Managing the Tour de France is no easy task, requiring immense organisation and clear communication. At the heart of the logistical network, controlling all facets of the race, is the Red Car – a technologically modified mobile command centre from which Tour Director Christian Prudhomme manages the Tour.
Every morning Christian Prudhomme, director of the Tour de France, settles himself into the back seat of a specially modified ŠKODA Superb. In anticipation of the day’s race stage, he stretches his 190 cm frame in the spacious interior and helps himself to a drink from the small refrigerator next to his command console. He radios his race marshals, checks in with race headquarters. Then, with everything in place, he gives the green light to start the day’s stage, leading the peloton as it surges ahead.
The new generation of the ŠKODA Superb is getting ready to roll into the global spotlight again – as the official Red Car in this year’s Tour de France. With the most interior space in its segment, the ŠKODA Superb makes the perfect mobile command centre for Tour management.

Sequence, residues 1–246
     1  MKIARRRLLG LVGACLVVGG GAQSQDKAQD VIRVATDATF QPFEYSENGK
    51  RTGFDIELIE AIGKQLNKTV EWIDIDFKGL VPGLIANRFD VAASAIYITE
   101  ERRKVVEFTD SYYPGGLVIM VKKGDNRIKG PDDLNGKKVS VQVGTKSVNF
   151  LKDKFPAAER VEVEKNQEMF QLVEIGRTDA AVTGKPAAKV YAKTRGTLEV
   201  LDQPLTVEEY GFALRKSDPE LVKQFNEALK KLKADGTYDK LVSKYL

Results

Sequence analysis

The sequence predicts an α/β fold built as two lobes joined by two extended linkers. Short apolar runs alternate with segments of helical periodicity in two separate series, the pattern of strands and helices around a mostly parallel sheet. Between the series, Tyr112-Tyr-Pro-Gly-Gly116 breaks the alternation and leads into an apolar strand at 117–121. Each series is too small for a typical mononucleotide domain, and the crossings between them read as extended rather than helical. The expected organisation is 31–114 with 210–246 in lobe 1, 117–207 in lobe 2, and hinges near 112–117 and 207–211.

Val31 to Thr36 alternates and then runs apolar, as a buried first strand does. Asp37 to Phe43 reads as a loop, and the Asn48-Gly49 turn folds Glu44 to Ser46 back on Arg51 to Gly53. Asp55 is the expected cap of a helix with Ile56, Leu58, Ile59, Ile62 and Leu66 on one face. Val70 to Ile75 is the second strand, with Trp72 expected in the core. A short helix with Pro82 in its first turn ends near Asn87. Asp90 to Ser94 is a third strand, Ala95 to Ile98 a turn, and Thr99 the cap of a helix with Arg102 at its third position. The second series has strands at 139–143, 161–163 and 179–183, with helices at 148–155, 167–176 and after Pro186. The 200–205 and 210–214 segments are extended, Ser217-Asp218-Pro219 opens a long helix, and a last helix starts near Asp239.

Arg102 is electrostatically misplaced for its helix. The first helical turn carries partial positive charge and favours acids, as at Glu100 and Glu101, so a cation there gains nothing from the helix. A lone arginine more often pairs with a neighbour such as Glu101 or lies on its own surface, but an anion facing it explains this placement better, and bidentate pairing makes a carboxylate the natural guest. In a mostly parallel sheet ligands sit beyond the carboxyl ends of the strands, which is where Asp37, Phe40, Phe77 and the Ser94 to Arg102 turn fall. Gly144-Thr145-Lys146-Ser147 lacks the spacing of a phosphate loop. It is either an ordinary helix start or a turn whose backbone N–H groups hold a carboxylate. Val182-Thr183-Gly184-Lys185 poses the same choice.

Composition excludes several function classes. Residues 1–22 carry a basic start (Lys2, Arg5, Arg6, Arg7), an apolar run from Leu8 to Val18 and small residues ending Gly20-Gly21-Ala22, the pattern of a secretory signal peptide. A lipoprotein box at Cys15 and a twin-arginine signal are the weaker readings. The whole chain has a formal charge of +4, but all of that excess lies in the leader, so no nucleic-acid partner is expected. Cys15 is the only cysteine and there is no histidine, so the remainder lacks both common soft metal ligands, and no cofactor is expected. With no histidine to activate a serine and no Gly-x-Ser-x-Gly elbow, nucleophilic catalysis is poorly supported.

The modified car features an impressive range of technical equipment, including six radio antennas on the roof, several microphones and four radio channels installed on a console. It’s from here that Prudhomme will transmit and receive orders and information, organise traffic movement around the peloton, and stay in constant contact with race marshals and other Tour cars.
It’s from here he’ll also entertain dignitaries such as the French President, ready to serve them chilled Champaign from the minibar and present them with panoramic views through the car’s retractable glass roof.
Speaking about the car, Prudhomme says, ‘I love my ŠKODA Superb. It’s a fantastic car. Gilles Maignan, my driver, is 6’2″ [190 cm] like me, and I can sit in the back very comfortably – even crossing my legs isn’t a problem.’
As the official Red Car leading the rider field, the ŠKODA Superb will be visible to millions of fans, especially since it’s the only car permitted to cross each stage’s finish line with the riders.